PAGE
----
For 6 years previously, court proceedings had been held in various town structures including the New State Hotel and the Methodist Episcopal Church.
By 1910 it was deemed old and inadequate and was torn down to make way for the current structure.
Every such sign of confidence in the town was noted by the press and lauded as indicating the town’s “New Boom”! Dr .O and her staff also understand that your time is valuable, and provides services to help you spend less time in the doctor’s office and more time with your family. She next completed residency training in New York, NY at Long Island College Hospital affiliated with the State University of New York and Children’s Hospital of Philadelphia with the University of Pennsylvania. Ozdemir is the first pediatric physician from the state of Florida to complete a fellowship in Integrative Medicine at the University of Arizona, conducted by world known physician, Dr.
As well as having her nursing degrees, Brooke has a previous undergraduate degree in Animal Industry, specializing in equine. While working on her graduate degree she also worked on the post-partum unit at Riverside Methodist Hospital in Columbus, Ohio caring for new mothers and their newborns. Following his retirement, he took up the gentlemanly pursuit of gardening, perhaps inspired by his neighbor across the street, Peter Britt.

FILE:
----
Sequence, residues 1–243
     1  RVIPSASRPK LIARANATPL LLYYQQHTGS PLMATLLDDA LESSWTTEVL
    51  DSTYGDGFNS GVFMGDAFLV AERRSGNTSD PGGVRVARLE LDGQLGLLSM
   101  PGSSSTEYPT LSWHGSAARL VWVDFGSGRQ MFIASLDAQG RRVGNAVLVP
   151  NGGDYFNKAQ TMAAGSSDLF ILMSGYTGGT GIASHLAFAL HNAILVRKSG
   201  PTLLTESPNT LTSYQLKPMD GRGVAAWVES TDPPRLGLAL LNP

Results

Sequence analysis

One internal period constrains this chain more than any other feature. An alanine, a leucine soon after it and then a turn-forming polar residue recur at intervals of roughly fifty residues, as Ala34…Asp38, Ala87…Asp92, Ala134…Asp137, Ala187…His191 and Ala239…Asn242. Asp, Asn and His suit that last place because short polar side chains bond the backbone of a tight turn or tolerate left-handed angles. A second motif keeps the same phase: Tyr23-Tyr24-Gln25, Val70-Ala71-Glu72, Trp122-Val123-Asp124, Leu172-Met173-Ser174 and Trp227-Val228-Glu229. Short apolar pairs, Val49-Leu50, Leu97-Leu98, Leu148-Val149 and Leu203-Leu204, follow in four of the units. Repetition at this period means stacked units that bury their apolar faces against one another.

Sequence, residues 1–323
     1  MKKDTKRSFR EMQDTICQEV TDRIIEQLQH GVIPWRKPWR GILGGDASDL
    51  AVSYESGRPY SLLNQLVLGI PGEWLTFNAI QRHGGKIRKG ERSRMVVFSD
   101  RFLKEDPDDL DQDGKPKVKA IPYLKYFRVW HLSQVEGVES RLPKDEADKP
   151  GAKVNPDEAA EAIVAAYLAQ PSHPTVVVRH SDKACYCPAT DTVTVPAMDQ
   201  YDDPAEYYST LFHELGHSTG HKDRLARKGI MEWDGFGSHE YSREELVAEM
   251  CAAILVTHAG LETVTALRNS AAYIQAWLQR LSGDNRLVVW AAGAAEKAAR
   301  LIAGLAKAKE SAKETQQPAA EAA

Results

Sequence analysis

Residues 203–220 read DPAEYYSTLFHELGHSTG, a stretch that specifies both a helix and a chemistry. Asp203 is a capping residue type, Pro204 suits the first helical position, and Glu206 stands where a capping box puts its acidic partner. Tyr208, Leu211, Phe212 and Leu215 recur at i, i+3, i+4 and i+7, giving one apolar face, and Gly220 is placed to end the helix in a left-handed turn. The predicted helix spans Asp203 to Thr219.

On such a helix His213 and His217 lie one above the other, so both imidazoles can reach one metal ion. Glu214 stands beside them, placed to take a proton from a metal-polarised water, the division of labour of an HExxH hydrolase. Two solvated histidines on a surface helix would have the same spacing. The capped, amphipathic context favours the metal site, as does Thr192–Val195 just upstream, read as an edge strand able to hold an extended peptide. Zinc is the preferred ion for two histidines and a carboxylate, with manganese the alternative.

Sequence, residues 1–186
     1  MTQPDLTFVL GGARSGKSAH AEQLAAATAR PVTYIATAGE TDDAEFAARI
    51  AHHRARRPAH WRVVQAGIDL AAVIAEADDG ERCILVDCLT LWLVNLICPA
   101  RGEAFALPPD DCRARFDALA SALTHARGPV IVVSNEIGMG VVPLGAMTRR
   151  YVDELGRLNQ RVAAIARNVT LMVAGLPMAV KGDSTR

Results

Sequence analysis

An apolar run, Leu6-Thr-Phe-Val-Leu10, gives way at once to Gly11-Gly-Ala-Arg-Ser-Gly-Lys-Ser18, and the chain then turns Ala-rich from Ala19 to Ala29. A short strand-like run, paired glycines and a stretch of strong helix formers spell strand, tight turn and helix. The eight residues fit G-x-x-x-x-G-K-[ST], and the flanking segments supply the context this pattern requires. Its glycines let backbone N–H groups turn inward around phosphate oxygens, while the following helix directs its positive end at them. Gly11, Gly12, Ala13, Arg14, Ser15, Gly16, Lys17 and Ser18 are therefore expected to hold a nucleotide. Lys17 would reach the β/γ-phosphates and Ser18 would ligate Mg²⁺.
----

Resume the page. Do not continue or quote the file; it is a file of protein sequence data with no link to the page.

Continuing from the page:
He cleared ground for a new one-story studio and residence which he constructed in front of the old cabin. Britt Park, now the Britt Festival grounds and the City-owned lower Britt Gardens, was the focal point of many of these efforts. Turner is perhaps best known for his literary talents as a contributor to national magazines and editor of the Oregon Sentinel.
Savage initially worked as a “teamster” but by 1869 was owner and proprietor of one of Jacksonville’s oldest and most successful drinking establishments, the New State Billiard and Drinking Saloon, located on the present site of Redmen’s Hall.
When that paper merged with the Southern Oregonian in the early 1900s, the site became the meeting hall of the Native Sons of Oregon. Depression era miners of the 1930s uncovered the Times door step as they undermined almost every inch of Jacksonville. Four years later this “fire proof” brick structure was totally destroyed by fire on December 13, 1906.
The fire took the lives of the jail’s three inmates, one of whom was scheduled for release the following day.
The gallows were erected between the courthouse and the jail, screened by a 16 foot high fence and guarded by the Jacksonville Fire Department. By August the brick walls were raised, by September the cupola was completed, and the court convened for the first time on February 11, 1884. In 1867, the Masons relinquished their 2nd floor space to the Jackson County Commissioners and for the next 15 years, the County’s first Courthouse was used not only by the commissioners, judges, and county officials, but also by private local lawyers. Recognizing the many alarming trends in the delivery of health care, she took an alternative path, founding the Integrative Medical Groups USA LLC and becoming its medical director.
Brooke has recently become a mother herself and spends all of her free time giving hugs and kisses to her little boy Blake.